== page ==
The other interesting thing about these particular tubes is that they aren't terribly expensive, because they are not used very much, but they aren't nearly as ubiquitous on the market as more commonly used preamp tubes.
 
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Bill Hart

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May 11, 2012
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More info. Speaking to Brendan Bievers (my usual source for tubes), he said this tube type is basically dutch or american and that the Mullards, branded as made in Great Britain, are in reality, probably Amperex, made in the US. Not counterfeit, but branded that way back in the day.
 

mep

Member Sponsor & WBF Founding Member
Apr 21, 2010
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Ah, the joys of sleuthing the provenance of tubes. In a world today where competing businesses never seem to get along, back in the glory days of tubes, there was more inbreeding going on than a community full of Amish. It appears that all of the major tube companies around the world all took care of each other even though they were competitors and sourced tubes from each other in order to fill domestic demand. RCA was never shy of selling Mullard or Amperex tubes as their own even if they usually still gave credit with “Made in Great Britain” or “Made in Holland” appearing on the tube boxes. Amperex sold tons of Mullard tubes that had the Amperex label. I have some cool looking Amperex Bugle Boys GZ-34 rectifiers that are actually Mullard tubes. I have some gold pin RCA 6922 tubes that are Mullards. I did have some Mullard XF2 EL-34 tubes with the double halo getters that came in RCA boxes, but again the boxes did say “Made in Great Britain.”

The bottom line is that you really have to know your tubes in order to know what you really have, and I haven’t even touched on the counterfeiting that goes on.
 

Bill Hart

Well-Known Member
May 11, 2012
2,597
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Ah, the joys of sleuthing the provenance of tubes. In a world today where competing businesses never seem to get along, back in the glory days of tubes, there was more inbreeding going on than a community full of Amish. It appears that all of the major tube companies around the world all took care of each other even though they were competitors and sourced tubes from each other in order to fill domestic demand. RCA was never shy of selling Mullard or Amperex tubes as their own even if they usually still gave credit with “Made in Great Britain” or “Made in Holland” appearing on the tube boxes. Amperex sold tons of Mullard tubes that had the Amperex label. I have some cool looking Amperex Bugle Boys GZ-34 rectifiers that are actually Mullard tubes. I have some gold pin RCA 6922 tubes that are Mullards. I did have some Mullard XF2 EL-34 tubes with the double halo getters that came in RCA boxes, but again the boxes did say “Made in Great Britain.”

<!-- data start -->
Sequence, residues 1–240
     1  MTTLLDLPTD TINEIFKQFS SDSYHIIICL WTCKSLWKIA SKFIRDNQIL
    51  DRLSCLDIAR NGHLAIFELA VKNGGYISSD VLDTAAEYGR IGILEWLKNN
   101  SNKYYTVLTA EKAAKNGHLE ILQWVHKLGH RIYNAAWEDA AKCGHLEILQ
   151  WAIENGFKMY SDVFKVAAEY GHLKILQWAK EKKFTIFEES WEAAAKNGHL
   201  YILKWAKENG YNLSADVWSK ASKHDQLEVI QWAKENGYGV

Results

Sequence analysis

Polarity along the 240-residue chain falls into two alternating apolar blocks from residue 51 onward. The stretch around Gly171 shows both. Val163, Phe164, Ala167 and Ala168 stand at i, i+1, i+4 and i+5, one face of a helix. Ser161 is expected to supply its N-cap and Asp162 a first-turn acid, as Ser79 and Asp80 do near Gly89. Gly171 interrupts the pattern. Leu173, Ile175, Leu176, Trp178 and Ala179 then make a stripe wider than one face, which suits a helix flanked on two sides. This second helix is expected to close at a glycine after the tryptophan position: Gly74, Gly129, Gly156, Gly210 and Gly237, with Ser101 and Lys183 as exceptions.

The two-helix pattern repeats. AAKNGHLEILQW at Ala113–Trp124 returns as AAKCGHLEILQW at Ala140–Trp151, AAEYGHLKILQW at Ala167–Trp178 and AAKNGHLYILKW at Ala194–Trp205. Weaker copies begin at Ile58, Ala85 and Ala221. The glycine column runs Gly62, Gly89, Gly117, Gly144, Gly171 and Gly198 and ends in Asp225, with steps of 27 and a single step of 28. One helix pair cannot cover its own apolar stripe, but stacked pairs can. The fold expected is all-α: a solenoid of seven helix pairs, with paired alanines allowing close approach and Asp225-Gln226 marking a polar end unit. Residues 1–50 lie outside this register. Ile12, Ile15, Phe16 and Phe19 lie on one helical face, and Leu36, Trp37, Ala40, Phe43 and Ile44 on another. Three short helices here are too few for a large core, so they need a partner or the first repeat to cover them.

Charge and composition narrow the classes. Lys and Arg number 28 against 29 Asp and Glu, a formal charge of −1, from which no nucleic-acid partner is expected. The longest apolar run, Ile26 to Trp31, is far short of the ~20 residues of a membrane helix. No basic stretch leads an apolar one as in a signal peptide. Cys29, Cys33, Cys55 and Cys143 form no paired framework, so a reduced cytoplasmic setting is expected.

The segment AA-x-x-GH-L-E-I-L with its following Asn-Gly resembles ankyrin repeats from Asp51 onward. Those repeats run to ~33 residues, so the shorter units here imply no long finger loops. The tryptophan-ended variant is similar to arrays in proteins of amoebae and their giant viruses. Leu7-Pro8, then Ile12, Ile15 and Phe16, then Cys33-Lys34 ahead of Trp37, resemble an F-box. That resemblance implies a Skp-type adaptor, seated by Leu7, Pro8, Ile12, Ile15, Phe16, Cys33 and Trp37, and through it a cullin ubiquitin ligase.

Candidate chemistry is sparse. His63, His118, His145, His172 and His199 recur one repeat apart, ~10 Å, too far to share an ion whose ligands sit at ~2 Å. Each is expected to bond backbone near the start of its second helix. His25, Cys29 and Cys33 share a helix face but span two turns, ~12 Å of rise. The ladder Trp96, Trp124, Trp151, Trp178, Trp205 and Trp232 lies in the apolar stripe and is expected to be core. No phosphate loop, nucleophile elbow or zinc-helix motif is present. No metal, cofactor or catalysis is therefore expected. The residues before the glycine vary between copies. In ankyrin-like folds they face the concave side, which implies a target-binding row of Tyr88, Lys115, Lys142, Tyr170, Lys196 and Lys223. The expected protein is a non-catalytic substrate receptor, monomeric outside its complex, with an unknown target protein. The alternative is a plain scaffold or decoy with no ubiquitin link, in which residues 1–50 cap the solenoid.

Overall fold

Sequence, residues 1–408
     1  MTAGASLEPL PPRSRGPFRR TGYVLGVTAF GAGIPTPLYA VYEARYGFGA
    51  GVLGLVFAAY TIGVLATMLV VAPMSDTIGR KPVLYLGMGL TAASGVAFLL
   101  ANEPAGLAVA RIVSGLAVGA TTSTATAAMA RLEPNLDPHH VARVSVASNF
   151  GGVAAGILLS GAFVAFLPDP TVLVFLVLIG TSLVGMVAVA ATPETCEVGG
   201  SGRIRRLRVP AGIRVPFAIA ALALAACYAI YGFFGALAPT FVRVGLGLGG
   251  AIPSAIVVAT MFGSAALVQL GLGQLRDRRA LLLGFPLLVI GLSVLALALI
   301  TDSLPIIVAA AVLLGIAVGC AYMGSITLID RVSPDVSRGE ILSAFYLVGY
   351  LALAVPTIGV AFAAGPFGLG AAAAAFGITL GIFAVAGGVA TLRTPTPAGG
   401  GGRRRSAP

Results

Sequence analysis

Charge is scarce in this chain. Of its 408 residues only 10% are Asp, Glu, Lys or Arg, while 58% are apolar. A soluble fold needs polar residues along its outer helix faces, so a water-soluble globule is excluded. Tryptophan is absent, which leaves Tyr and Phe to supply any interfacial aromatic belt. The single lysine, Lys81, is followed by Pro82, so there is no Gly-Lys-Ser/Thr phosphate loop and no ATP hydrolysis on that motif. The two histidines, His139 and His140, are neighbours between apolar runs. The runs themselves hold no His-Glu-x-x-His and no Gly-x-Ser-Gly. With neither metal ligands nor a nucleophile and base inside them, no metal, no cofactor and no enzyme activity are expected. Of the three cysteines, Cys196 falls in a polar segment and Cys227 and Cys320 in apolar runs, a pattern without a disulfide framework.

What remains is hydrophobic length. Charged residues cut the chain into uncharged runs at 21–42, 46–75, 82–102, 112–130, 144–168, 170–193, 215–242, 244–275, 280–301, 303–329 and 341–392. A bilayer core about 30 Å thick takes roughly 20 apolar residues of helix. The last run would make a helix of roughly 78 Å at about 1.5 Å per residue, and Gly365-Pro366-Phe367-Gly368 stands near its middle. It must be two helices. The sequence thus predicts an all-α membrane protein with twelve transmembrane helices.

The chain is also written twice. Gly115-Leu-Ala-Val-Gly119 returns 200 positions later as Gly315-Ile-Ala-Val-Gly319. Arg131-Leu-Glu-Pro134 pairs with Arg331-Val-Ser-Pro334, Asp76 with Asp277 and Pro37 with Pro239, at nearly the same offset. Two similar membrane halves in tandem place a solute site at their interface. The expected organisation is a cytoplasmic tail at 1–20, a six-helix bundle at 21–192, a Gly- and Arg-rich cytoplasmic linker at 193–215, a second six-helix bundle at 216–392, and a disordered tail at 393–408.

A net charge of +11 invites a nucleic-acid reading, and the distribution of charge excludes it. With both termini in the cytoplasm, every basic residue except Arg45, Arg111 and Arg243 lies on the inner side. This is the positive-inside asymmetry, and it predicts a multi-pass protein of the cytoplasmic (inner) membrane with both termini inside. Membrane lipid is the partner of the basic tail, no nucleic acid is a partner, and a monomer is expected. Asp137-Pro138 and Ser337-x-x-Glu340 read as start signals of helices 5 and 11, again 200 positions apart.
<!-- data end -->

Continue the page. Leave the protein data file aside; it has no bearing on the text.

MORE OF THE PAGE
The bottom line is that you really have to know your tubes in order to know what you really have, and I haven’t even touched on the counterfeiting that goes on.
True that. You'd think that 'Made in Great Britain' on the glass might mean something, but apparently not. I've got a selection of different tubes coming, from various sources. It just reinforces what I already knew- buy from a reliable knowledgeable source!
 

Bill Hart

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May 11, 2012
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Turns out, after talking to the charming and informative David Beetles, the Allnic importer,that the Siemens and Mullard tubes are actually the same tube- made by Phillips. I was still getting some microphony, so did a little more tube swapping, and it appears to be gone. The Allnic guys have stepped up to the plate and are sending me more tubes, just in case.
David also said he likes the RCA rectifier, which I have, so at some point, I'm going to take the fat base Mullard out, and try the RCA. I also have a Tung-Sol rectifier which I listened to briefly, but will try again as well. Right now, the combo of the H3000 and the new Veloce line stage are very, very musical and I'm getting an enormous amount of information through the system that is 'of a piece,' not shaded, dark or too detailed. Just right. And the bass has never been better. (Don't tell MadFloyd). :)
 

audioarcher

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May 7, 2012
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Turns out, after talking to the charming and informative David Beetles, the Allnic importer,that the Siemens and Mullard tubes are actually the same tube- made by Phillips. I was still getting some microphony, so did a little more tube swapping, and it appears to be gone. The Allnic guys have stepped up to the plate and are sending me more tubes, just in case.